"We are not ever going to offer as broad an assortment (as retail discount chains like Wal-Mart) from a selection standpoint," he says.

However, the company has put together a list of more than 500 items guaranteed to stay in stock.

"Customers expect to find items like bathroom tissue, light bulbs, diapers and cleaning supplies," he says.

By working with suppliers, the company has found a way to meet that expectation, although the brands may not always be the same.

"We wanted to find a way to satisfy our customers," he says.

That's not all Big Lots has done to improve its merchandise flow.

"Day after day we are relevant in our product offering mix," says Potter. "Our flow is more consistent, and our front-end buying and distribution improvements have had the most important impact on our sales."

And converted stores that were below the new, higher standards of cleanliness and service have undergone a substantial facelift. The result, says Potter, is not just happier customers, but happier employees, since employee break rooms were part of the redo.

"We have begun customer service initiatives, and our customers are noticing a significant difference in service," he says. "And we are producing a wonderful environment to work in. The stores are cleaner, brighter and safer, and our associates are doing a better job."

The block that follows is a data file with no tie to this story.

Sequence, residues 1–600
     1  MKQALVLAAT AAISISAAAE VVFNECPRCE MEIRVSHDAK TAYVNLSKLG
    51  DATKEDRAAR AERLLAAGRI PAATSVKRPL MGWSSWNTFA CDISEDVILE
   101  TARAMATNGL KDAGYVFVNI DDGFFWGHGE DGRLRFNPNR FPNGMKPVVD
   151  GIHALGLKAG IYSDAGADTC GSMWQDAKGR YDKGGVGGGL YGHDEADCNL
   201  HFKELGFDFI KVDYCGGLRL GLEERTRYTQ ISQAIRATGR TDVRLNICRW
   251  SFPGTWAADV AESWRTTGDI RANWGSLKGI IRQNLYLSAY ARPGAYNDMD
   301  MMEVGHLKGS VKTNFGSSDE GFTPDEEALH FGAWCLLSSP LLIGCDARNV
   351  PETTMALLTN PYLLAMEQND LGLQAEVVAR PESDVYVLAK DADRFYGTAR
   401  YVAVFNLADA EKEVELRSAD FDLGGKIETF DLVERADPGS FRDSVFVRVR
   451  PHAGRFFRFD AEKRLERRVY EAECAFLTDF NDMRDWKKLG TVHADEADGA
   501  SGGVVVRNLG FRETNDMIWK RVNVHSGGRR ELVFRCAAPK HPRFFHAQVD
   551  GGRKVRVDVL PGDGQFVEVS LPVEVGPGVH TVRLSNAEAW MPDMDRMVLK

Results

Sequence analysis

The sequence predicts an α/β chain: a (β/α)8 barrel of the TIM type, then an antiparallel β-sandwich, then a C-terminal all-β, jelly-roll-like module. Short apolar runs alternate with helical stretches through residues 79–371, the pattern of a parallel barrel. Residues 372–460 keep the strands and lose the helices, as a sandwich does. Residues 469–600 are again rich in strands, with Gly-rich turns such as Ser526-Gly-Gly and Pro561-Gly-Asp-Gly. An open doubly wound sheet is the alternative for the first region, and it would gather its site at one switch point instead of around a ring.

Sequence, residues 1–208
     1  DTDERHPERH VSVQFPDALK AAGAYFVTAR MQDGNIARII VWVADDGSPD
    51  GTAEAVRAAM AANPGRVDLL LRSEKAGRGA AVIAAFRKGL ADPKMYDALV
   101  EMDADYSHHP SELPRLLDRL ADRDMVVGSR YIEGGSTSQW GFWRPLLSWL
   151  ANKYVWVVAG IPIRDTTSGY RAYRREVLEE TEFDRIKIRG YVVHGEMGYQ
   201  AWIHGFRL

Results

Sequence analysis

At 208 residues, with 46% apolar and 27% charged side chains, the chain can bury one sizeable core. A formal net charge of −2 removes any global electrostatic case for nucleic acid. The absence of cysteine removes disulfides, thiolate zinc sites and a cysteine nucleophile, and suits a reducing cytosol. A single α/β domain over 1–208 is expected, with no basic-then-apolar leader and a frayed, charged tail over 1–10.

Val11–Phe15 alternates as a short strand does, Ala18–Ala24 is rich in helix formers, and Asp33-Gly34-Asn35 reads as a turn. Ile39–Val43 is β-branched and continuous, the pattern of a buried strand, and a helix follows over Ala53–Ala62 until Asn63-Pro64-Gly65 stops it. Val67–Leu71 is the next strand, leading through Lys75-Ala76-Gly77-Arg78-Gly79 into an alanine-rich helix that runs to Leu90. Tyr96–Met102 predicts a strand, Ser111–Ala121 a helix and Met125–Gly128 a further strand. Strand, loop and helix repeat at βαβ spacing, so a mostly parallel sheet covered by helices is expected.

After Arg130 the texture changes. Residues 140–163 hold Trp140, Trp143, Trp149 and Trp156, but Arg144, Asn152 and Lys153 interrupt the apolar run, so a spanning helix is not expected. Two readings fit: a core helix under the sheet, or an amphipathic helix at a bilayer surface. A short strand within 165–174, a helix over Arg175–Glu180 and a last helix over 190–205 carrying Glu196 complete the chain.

So what about the bottom line? The "after" Big Lots definitely appears better than the "before." But have these changes had the desired impact on the bottom line? If comparable store sales are an indication, the answer is a definite "yes."

For the first time in nearly two years, the company experienced a sales increase in the double digits, reporting an increase of 14 percent for February. And Potter says new sales figures indicate the double-digit trend will continue.

Brad McGill, a financial analyst with Banc of America Securities in New York City, agrees the company's restructuring initiatives appear to be paying off.

"We are beginning to see some signs of traction," he says. "Comparable store sales are impressive, and fourth quarter numbers are in line with expectations. It appears they are heading in the right direction."

But the company does not plan to rest on its laurels or remain satisfied with the status quo. Potter says it's full steam ahead when it comes to expansion and growth.

"We are adding 90 stores this year, and will add a similar number every year for the next 10 years," he says. "We plan to have a total of 2,500 stores at the end of 10 years." How to reach: Big Lots Inc., (614) 278-6800 or